EDITOR NOTE: San Francisco police haven’t quite been “defunded” in protest against the rising tide in police brutality across the nation, but they've been effectively “defanged.” It all started in 2014 with Proposition 47, a referendum lowering the penalty for stealing goods worth less than $950 from a felony to a misdemeanor. The outcome: theft went “viral.” Car break-ins at hot tourist spots are up 750%. Brazen midday looting forced Walgreens to close 17 of its stores. And now, Target is closing around 6 of its store locations in the Bay Area due to increased theft. The rising crime trend in the City by the Bay gives its residents some reprieve, as violent crimes have been sinking significantly. If anything, the phenomenon shows how the city's liberal policies have made theft somewhat profitable on a “petty” level--as it indirectly protects thieves at the expense of the city’s businesses. It also serves as a stark warning to other municipalities and counties across the Golden State in general, should they choose to go down that road. California--a largely liberal and high-tax state--might also learn a thing or two from the negative consequences of left-leaning policies that, however deliberately or inadvertently, have only served to heighten economic disparity.
Los Angeles, San Francisco and Sacramento are among the cities with the most organized retail crime in the country, according to the California Retailer's Association. As a result, stores have been closing early or permanently shuttering.
Target stores in San Francisco are now closing early, moving from 9 a.m. to 6 p.m., with a Financial District store closing as early as 5p.m. on Saturday, according to hours listed on its website. Most stores open between 7 and 8 a.m. until 10 p.m.
Target told KPIX5 the decision to adjust its store hours in San Francisco was related to theft with a spokesperson confirming: "For more than a month, we’ve been experiencing a significant and alarming rise in theft and security incidents at our San Francisco stores, similar to reports from other retailers in the area.
"Target is engaging local law enforcement, elected officials and community partners to address our concerns. With the safety of our guests, team members and communities as our top priority, we've temporarily reduced our operating hours in six San Francisco stores."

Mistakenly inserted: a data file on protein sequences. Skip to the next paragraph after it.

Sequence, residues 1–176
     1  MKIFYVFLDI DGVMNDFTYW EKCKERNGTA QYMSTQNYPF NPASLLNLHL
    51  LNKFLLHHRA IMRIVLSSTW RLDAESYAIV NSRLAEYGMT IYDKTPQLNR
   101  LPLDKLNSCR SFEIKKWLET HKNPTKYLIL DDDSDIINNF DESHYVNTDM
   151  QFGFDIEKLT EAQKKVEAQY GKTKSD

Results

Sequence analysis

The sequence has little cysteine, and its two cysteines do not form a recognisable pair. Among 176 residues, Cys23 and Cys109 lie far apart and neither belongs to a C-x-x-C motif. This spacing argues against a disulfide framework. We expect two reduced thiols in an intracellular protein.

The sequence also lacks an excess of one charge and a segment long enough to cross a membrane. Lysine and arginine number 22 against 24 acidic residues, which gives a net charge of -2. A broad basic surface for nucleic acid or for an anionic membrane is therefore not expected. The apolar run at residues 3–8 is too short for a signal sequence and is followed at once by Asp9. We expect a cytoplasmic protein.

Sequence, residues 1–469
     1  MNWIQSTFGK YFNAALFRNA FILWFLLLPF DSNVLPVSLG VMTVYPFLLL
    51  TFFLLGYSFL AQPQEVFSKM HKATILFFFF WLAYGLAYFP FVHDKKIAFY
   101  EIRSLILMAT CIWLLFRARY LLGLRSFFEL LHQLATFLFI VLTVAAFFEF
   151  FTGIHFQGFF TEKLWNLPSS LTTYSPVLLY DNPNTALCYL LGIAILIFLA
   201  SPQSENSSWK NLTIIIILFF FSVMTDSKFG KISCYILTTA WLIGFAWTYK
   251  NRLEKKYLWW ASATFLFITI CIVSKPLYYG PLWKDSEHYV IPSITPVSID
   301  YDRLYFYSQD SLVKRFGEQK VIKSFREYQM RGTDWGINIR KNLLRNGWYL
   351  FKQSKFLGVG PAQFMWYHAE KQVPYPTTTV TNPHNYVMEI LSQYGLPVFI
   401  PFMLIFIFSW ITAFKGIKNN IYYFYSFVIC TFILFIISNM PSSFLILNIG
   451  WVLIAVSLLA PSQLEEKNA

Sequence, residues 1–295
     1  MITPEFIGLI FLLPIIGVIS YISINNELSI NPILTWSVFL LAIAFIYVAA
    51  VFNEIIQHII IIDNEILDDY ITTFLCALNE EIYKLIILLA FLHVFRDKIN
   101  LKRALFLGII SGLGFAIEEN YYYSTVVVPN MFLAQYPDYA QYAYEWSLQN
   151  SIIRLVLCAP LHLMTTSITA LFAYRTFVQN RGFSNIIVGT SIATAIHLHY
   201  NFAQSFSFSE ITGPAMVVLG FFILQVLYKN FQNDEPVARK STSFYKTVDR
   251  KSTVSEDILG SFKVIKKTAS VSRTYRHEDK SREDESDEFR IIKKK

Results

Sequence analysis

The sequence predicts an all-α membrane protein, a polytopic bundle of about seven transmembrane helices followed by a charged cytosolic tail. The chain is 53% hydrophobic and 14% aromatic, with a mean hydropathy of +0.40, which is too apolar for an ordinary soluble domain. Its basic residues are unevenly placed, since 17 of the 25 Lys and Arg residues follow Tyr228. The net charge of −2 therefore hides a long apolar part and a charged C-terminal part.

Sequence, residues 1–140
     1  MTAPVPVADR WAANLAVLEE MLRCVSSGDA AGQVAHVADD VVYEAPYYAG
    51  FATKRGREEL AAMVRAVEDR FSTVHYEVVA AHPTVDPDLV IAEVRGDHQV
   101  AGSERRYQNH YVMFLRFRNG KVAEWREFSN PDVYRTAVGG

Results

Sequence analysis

Operators in the grocery and retail industries have also raised concerns about harsher penalties for theft. A video surfaced from earlier this month showing a man stealing items in a San Francisco Walgreens and leaving the store on his bike with the goods as security guards and onlookers filmed the incident.
"This has been a problem going on for years. We have been diligently trying to find solutions to this, including pending legislation to continue funding for the Organized Retail Task Force. We are trying to attack it from all different ways. Our priority is the safety of our employees and consumers. We can’t have our security guards going after this – they are not law enforcement," CRA President and CEO Rachel Michelin said in a statement.
Walgreens, as a result, has also closed several stores with some security guards reportedly told not to engage with shoplifters.
"It's going to be lawsuits, obviously they don't want ourselves or anybody else to get injured while we're out here attempting to make these apprehensions and leave it to law enforcement," Kevin Greathouse, a security guard at a San Francisco-based Walgreens who carries a handgun, taser and pepper spray, told ABC 7 News.
Greathouse told the news outlet he has not had to use the weapons to protect himself, however, he says he has been threatened with a knife by people committing theft in the stores.
"I don't have any intention of getting stabbed for $60 worth of stuff," he told ABC 7 News.
Original post from Fox Business